This chapter presents the experiments and results obtained during the course of
this project. Each section describes the results and compares them with
simulations where deemed necessary.

5.1

Mechanical Model

Figure 5.1 shows the 3D model visualization of the two-wheeled self-balancing


vehicle when it is animated in Dymola. The simulation was setup using
components in the MultiBody library as previously shown in Figure 4.1. The
driver is visualized as a point mass which dominates the inverted pendulum
behavior.

Figure 5.1 Two-wheeled self-balancing vehicle 3D model visualization in Dymola


In order to test the behavior of the vehicle, the simulation was run with a
small initial lean angle of the driver. As it is shown in the Figure 5.2, when the
user mass leans forward, the vehicle starts to fall to the front pivoting over the
wheel axis and consequently increasing the platform angle. Since there is no
simulated floor or solid ground, the vehicle keeps falling describing a pendulumlike movement. The vehicle behaves as an inverted pendulum when it is not
controlled being impossible to keep it in upright position.

59

Figure 5.2 Behavior of the platform angle when the user leans forward and the
vehicle does not have a controller

5.2

Motor Identification

In order to get a linear model of the motors, a pseudo-random binary sequence in


the range [-180,180] was used as PWM input signal, the output was chosen to be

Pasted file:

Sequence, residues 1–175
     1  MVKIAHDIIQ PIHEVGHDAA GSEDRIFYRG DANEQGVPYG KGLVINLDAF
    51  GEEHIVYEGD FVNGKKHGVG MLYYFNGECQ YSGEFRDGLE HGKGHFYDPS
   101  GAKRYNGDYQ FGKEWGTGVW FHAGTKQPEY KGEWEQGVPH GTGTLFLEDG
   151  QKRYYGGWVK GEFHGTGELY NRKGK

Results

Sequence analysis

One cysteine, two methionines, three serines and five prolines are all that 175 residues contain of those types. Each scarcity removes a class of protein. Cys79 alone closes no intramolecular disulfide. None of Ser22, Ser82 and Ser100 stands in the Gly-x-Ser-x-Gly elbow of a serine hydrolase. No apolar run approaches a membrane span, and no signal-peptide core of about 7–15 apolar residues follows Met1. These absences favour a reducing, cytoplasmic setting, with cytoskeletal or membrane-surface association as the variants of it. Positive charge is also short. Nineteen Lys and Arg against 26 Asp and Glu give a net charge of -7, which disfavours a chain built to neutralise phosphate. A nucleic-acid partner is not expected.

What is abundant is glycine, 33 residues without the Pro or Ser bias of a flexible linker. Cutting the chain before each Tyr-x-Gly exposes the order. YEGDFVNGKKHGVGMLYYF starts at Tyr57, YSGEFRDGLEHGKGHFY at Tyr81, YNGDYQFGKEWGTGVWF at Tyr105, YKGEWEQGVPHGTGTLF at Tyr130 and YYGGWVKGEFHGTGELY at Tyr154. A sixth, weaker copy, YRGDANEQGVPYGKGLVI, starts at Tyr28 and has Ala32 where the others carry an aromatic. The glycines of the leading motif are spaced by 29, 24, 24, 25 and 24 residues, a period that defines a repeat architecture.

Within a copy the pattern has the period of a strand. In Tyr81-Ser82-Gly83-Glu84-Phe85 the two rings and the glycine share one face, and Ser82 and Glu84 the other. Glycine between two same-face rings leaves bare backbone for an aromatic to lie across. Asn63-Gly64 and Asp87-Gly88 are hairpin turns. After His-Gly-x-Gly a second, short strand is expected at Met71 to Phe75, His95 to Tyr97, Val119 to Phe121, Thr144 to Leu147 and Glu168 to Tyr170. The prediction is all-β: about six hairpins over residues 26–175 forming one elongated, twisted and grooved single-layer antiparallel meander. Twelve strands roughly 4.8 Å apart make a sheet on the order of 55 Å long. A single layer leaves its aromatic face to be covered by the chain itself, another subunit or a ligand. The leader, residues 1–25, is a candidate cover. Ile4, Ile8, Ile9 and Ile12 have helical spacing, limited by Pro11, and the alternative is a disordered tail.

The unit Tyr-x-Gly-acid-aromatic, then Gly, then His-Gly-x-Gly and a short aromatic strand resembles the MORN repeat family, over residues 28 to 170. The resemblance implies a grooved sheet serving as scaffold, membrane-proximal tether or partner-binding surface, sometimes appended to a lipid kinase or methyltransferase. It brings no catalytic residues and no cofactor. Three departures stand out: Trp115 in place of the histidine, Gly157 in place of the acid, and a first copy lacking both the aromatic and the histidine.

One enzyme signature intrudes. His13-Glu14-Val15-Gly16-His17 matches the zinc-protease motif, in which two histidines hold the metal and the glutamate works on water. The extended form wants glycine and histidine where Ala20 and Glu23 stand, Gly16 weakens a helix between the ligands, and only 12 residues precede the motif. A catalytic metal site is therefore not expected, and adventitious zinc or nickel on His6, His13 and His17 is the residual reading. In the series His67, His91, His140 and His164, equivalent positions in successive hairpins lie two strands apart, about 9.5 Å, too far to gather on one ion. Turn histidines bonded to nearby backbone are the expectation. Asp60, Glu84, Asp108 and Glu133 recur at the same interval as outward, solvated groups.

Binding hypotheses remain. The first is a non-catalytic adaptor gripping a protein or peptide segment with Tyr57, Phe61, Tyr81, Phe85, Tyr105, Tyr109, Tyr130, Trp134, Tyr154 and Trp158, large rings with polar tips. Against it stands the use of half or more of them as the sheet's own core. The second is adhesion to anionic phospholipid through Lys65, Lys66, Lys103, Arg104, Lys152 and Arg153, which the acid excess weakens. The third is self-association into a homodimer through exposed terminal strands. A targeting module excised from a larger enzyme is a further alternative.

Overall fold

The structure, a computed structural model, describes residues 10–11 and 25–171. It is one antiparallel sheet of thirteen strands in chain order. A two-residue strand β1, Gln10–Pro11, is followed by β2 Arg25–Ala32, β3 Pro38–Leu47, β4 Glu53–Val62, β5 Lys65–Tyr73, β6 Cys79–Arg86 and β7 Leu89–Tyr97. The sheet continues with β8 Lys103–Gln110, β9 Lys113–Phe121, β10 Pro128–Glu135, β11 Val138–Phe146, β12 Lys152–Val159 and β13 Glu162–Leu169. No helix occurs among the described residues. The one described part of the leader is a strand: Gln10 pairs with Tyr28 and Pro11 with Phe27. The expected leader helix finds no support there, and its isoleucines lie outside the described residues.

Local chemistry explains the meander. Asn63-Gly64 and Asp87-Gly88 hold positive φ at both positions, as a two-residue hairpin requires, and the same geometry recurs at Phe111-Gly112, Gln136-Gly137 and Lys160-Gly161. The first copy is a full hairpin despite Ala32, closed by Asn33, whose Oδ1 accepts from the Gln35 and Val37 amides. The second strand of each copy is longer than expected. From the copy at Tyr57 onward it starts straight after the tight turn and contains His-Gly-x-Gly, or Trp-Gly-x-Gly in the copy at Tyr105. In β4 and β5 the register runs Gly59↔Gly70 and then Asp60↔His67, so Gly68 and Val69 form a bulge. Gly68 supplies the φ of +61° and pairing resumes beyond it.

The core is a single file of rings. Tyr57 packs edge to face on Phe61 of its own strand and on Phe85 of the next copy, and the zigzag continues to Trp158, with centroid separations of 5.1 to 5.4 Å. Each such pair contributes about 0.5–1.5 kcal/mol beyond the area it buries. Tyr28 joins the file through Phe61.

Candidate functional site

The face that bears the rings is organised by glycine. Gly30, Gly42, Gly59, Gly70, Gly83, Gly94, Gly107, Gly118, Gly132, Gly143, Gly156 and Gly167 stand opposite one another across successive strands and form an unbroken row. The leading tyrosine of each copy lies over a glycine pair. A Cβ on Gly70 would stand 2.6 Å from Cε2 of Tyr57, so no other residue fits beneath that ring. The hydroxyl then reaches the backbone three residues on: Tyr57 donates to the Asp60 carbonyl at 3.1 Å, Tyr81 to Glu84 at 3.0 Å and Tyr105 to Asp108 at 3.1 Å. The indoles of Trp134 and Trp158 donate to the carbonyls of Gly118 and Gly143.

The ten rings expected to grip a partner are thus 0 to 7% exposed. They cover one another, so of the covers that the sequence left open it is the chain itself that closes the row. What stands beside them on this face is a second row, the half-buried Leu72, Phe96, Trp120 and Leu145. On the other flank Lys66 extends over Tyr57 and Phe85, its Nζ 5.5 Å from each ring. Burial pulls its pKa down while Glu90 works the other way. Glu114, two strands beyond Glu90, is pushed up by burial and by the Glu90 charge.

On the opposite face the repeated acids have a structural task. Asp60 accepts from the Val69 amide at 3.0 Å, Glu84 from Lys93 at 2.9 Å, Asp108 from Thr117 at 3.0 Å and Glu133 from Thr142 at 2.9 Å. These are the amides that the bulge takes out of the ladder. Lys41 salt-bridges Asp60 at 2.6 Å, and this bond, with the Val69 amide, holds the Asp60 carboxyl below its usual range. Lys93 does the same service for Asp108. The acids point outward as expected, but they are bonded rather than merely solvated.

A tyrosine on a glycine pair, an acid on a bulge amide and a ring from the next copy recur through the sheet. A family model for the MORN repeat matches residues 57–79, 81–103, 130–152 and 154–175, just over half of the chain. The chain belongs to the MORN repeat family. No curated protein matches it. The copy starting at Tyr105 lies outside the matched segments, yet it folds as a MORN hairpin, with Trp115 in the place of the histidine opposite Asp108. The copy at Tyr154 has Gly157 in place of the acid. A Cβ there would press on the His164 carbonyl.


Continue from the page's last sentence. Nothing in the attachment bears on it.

the angular velocity of the wheels (Figure 5.3). The vehicle had its wheels rolling
in the air during the test.
Using the System Identification toolbox in Matlab, three different models
were generated. A two-step input signal was used in order to compare the
performance of the models against the response of the actual motors (Figure 5.4).
The chosen model was the one which best fitted the real response (89.58%):

[3.1]

[3.2]

During a first approach it was considered to obtain a model for each motor.
However, some previous experiments showed that both motors had very similar
responses so it was simpler and accurate enough to use a single model for both
motors.

60

Figure 5.3 PWM value input and angular velocity used during the motors
identification.

Figure 5.4 Response of the actual motor and generated models to a given input
signal.

61

5.3

Linear Model

The motor model was connected to the mechanical model in Dymola. Using the
linearize command the obtained state space model of the vehicle was:

The input is the PWM signal, the outputs are the platform angle, the wheels
velocity and the platform angular velocity. The states were automatically selected
by Dymola and are shown in Table 5.1.
Table 5.1 States of the linear model
State
x1
x2
x3
x4
x5
x6
x7
x8
x9
x10
x11
x12
x13

Physical variable
x axis position of the vehicle
y axis position of the vehicle
Angle of the wheel axis from the x axis
Left wheel angle
Right wheel angle
Left wheel velocity
Right wheel velocity
Platform angle
Platform angular velocity
User angle
User angular velocity
Motor angle
Motor angular velocity

62

Figure 5.5 Open loop generated model pole-zero map


Through the pole-zero map (Figure 5.5) it is possible to determine that the
generated model is not stable, since it has one pole in the right semi-plane and six
poles in zero. Moreover, the Analysis command in Dymola shows that the system
is not controllable and not observable. A reduced-order model was needed in
order to reduce calculations and to get a controllable and detectable
representation.